Would an Assault-Rifle Ban Survive the Courts?
The debate over gun laws has just started in the wake of the Sandy Hook shooting spree. But if Congress does ultimately pass restrictions on assault rifles and high-capacity magazines, the courts will no doubt be called upon to rule on their constitutionality. And the legal landscape on these issues has changed significantly in recent years.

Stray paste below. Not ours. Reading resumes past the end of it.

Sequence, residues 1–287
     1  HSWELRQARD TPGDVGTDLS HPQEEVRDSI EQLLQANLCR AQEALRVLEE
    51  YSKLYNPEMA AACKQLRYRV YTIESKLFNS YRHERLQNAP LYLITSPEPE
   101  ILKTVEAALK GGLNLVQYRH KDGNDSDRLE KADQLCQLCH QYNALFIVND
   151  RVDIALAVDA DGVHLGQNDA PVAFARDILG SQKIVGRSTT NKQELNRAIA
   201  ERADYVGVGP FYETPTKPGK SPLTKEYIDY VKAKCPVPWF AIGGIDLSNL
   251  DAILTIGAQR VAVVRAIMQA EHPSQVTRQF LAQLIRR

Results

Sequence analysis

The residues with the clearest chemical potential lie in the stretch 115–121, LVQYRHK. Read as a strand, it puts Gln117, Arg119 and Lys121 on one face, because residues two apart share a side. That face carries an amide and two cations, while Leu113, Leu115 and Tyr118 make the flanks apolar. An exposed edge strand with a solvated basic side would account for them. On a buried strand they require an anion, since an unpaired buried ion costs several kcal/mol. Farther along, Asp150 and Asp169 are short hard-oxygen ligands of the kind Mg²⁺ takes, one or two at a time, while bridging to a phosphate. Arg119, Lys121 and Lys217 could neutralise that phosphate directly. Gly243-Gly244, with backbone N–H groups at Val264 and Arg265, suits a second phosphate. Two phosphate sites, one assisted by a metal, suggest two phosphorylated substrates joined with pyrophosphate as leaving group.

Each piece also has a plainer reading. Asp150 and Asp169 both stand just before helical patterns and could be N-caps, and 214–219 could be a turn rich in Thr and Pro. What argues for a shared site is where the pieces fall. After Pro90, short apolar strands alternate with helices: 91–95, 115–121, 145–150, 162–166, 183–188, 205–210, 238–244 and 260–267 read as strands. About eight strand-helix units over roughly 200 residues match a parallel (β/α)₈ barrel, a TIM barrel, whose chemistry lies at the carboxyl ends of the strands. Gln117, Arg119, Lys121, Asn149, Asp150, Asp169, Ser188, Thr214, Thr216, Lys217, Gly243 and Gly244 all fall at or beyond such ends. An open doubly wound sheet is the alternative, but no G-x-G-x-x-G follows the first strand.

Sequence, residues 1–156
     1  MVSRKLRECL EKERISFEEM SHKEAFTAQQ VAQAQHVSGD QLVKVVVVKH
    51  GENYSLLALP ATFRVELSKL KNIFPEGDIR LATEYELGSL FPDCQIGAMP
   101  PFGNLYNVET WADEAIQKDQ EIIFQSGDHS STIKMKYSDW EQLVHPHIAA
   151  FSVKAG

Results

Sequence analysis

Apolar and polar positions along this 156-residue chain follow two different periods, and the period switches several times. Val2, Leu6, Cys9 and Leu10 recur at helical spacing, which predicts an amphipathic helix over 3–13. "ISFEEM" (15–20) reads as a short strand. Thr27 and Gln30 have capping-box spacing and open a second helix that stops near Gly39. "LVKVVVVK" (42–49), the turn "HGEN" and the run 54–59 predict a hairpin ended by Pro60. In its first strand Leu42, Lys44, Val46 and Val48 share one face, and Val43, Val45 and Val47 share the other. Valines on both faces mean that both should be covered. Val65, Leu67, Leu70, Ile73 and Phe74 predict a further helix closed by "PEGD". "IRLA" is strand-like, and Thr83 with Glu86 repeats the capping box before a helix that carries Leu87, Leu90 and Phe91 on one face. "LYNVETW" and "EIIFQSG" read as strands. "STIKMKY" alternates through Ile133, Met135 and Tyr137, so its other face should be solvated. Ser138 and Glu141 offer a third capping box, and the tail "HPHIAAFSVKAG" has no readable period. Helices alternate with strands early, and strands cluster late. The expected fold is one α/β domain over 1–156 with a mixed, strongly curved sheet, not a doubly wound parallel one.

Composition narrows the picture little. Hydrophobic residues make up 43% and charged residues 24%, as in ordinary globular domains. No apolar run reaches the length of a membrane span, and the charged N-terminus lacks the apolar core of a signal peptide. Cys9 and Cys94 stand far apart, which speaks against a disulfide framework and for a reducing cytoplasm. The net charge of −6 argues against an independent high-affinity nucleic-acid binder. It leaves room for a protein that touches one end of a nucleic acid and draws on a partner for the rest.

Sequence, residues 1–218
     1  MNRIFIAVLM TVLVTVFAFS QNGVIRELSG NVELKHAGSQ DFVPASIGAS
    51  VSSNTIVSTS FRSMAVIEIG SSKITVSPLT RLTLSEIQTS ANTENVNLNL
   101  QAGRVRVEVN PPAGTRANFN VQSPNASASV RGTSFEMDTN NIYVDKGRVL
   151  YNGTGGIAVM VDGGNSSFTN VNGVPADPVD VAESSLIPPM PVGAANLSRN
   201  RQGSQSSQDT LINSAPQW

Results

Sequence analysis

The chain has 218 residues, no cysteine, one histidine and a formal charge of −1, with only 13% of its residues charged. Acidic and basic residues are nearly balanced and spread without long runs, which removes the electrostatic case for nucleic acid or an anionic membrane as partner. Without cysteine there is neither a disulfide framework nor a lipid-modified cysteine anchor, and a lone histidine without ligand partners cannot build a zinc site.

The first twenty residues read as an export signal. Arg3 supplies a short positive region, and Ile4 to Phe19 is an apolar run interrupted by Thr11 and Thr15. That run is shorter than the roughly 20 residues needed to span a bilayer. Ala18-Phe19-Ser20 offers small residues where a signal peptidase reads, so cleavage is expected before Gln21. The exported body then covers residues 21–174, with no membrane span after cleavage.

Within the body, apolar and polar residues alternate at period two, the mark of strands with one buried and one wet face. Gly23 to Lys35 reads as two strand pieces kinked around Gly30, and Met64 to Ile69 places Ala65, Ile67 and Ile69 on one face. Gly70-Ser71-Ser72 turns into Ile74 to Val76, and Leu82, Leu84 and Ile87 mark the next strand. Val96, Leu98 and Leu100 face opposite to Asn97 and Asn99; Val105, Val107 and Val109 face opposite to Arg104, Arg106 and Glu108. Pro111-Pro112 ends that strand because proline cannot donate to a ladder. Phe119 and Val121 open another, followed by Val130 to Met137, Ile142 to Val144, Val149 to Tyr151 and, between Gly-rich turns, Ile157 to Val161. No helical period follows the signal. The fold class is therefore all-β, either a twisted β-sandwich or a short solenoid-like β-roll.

For a long time, groups like the National Rifle Association avoided the courts, fearing the Supreme Court would weaken the Second Amendment. But the Supreme Court’s 2008 decision in D.C. v. Heller, recognizing an individual’s right to keep and bear arms, changed all that.
Gun-rights groups now challenge weapons regulations from a position of strength. So how would assault-rifle restrictions, if they came to pass, fare in the post-Heller era?